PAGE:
In the age of digital transformation, industrial organizations are tasked with moving faster than ever to better serve their customers. Yet, in many cases, it’s easier said than done.
Digital transformation requires a fundamental shift in how companies do business – and many organizations have entrenched systems and processes that are challenging to rework and reimagine.
Howden, a 150-year-old business that provides global engineering solutions for industrial air and gas handling, is one company that has embraced change and is using digital technologies to achieve customer-centricity.
Howden faced two common challenges in the industrial sphere – a reliance on paper-based documentation and an increasingly complex product and service model. Think about this: 78% of manufacturers leverage outdated and ineffective paper documents, diminishing standardization and quality.
But first, organizationally, Howden committed to a culture change with its Data-Driven Advantage (DDA) program, which revolves around its customers’ lifecycle with its products. The digital backbone of this program begins with digitizing its paper-based documentation. Though this data unification process and development of a digital thread internally, Howden is creating customer-facing digital twins to deliver the right information at the right time through augmented reality.
“DDA includes monitoring deployed machines and creating augmented reality experiences to improve customer service, deliver effective training, and reduce downtime. As Howden continues their transformation journey, PTC looks forward to maintaining this close relationship,” says Matt Sheridan, Senior Director of Field Execution at PTC, whose team has worked closely with Howden to execute on their DDA strategy.
With PTC as its partner, Howden is using emerging technologies, including industrial IoT and augmented reality, to demonstrate the potential in immersive experiences. Howden’s goal is to use digital twin technology to reduce business risk for their customers by improving uptime of deployed products. Why? Unplanned downtime in mission critical applications costs companies millions.
Check out this demonstration:
This demonstration, which was initially unveiled at Hannover Messe 2019, features one of Howden’s diaphragm compressors. It was logistically challenging to transport the 10-foot machines for an event – and far less immersive than an augmented reality experience. The AR demo seamlessly lays out the different functions and use cases relevant to a worker interacting with the machine in the real world.
Customer-facing digital twins are a key element to Howden’s connected field maintenance program, Uptime. This service offering uses digital twins with underlying technologies (ThingWorx, Vuforia, etc.) to provide real-time performance data of deployed assets.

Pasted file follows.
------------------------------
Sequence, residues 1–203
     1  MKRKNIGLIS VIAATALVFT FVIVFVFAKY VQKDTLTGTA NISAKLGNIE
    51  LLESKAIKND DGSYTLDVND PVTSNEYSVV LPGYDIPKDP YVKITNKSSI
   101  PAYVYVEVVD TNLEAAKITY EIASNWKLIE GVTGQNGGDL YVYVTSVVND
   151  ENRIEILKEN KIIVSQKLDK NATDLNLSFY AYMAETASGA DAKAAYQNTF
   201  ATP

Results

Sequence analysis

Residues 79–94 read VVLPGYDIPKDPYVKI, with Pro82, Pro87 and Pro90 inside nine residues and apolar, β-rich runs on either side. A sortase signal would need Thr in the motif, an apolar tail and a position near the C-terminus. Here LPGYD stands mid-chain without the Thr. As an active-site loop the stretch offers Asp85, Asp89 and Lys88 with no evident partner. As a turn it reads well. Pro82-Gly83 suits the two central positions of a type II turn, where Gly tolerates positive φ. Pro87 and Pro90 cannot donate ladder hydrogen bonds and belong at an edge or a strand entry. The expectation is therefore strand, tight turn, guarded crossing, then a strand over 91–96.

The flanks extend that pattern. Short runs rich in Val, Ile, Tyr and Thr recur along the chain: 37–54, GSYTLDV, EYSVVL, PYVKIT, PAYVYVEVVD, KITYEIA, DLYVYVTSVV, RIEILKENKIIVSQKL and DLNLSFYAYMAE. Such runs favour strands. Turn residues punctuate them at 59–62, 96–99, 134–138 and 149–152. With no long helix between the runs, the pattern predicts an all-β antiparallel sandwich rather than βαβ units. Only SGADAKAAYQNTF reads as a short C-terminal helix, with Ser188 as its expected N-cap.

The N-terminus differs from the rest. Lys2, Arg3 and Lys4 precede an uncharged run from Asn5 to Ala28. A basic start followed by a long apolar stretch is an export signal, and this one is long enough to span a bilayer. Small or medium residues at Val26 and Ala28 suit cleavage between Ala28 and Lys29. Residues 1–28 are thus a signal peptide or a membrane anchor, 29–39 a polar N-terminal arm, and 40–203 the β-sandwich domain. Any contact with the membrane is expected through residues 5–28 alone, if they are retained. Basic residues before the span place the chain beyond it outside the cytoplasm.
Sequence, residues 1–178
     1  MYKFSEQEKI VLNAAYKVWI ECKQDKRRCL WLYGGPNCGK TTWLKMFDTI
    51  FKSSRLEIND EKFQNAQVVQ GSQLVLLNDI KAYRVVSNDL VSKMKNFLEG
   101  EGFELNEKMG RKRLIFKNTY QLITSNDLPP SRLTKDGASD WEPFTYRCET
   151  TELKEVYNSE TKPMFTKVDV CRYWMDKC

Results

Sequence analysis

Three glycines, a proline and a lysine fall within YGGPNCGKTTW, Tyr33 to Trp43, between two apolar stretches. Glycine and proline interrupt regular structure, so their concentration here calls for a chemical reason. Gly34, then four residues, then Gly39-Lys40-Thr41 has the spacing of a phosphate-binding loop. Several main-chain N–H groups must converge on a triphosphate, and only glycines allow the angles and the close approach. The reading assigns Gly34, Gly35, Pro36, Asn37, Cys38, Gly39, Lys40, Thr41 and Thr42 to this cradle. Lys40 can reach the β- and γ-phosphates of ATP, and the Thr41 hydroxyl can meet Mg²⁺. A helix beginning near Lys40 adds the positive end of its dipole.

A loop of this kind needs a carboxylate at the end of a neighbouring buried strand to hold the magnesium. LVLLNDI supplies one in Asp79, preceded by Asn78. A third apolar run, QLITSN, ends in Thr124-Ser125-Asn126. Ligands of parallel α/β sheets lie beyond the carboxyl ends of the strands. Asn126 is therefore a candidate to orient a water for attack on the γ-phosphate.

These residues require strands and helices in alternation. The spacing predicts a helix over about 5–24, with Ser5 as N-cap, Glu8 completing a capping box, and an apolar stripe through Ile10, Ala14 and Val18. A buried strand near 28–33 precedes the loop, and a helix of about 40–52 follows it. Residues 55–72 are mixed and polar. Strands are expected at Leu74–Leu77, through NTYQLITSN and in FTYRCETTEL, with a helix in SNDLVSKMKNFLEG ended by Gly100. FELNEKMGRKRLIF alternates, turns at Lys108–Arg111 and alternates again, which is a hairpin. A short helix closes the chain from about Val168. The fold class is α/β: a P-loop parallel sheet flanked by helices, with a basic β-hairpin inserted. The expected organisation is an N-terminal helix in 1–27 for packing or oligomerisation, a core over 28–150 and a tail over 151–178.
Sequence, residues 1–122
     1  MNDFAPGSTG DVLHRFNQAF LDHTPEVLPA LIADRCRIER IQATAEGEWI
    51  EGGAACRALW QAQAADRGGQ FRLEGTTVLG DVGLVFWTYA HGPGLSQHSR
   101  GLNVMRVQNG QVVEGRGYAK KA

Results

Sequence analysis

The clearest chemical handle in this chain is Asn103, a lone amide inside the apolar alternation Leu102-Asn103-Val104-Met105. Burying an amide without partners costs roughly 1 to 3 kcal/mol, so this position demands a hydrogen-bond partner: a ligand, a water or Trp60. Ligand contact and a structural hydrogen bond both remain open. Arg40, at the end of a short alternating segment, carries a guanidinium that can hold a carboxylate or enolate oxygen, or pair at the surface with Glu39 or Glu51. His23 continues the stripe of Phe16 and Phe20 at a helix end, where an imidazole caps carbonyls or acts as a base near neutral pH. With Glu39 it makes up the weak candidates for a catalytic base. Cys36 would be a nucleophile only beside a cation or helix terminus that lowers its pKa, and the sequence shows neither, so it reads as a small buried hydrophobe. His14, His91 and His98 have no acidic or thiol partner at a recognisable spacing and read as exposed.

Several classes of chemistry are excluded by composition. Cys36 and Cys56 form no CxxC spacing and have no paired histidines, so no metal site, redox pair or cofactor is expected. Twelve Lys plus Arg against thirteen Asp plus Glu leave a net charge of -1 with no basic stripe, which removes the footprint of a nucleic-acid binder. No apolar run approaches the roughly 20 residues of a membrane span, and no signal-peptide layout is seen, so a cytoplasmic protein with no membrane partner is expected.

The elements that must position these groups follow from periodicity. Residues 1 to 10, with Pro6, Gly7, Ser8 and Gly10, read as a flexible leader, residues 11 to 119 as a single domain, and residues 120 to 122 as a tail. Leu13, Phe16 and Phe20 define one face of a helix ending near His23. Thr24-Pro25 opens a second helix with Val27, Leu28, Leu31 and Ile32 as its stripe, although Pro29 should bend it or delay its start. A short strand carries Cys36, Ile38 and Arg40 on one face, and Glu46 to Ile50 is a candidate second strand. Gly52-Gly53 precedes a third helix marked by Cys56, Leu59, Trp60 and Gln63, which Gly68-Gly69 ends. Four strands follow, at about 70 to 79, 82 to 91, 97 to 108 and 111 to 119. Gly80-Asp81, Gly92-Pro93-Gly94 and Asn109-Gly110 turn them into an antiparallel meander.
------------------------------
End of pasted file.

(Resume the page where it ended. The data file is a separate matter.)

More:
Predicting equipment performance and resolving failures in this scenario has been traditionally challenging and are a casualty of ‘break-fix’ maintenance models. To truly implement a ‘product-as-a-service’ business model, improve customer satisfaction, and solve product complexity issues, Howden is equipping its technicians with augmented reality solutions. Field engineers are now able to access step-by-step service instructions on a specific asset almost immediately. The results have been a drastic improvement in first-time-fix-rates and mean-time-to-repair.
Howden is also resolving issues for its customers faster through remote service. With IIoT built-in to their globally dispersed products, technicians or engineers are able to remotely troubleshoot, patch, or update software without physically visiting the site. This IIoT data can also feed into predictive and simulation models to further forecast failures for service organizations.
-Maria Wilson, Global Leader of Data Driven Advantage
The two key intertwined components of a digital twin are its digital definition data and physical experience. Definition data could include CAD, PLM, and other data that includes the unique asset characteristics and configurations, while physical experience usually is IIoT and real-world telemetry data captured through increasingly widespread sensors. Both sides need to be top of mind to create a full-fledged digital twin implementation that drives maximum business value to the organization.
Howden recognized the importance of definition data but hit a snag: They had many legacy assets in operation where the CAD didn’t exist or was inaccessible/in paper-form.
To subjugate this data bottleneck, Howden created a ‘theoretical data set’ as a performance baseline of its deployed assets, which included 150 years of product design data. The OEM can use this optimal state asset health baseline to measure against real-world IoT data to more accurately predict failures.
Similarly, on the physical experience side, there were some sensor inputs inaccessible yet critical to predictive maintenance models. Howden formed ‘virtual sensors’ -- essentially aggregated sensor inputs with engineering calculations – to provide real-time telemetry data for further predicting failures. For real-time simulation modules, including structural and thermal analysis, this data input is critical to inform predictions.
This comprehensive digital twin provides the framework to build on innovative use cases (predictive service) and adoption of cutting edge-technologies (artificial intelligence). This could include using deep learning in computer vision on AR to recognize Howden deployed equipment without serial numbers or predictive maintenance models using machine learning to precisely predict when a machine will fail.
Howden and similar forward-thinking industrial companies will increasingly look to build out digital twin strategies to drive near-term outcomes, quickly adapt to changing and new markets, and create a foundation to drive transformative change internally and optimize the value delivered to customers.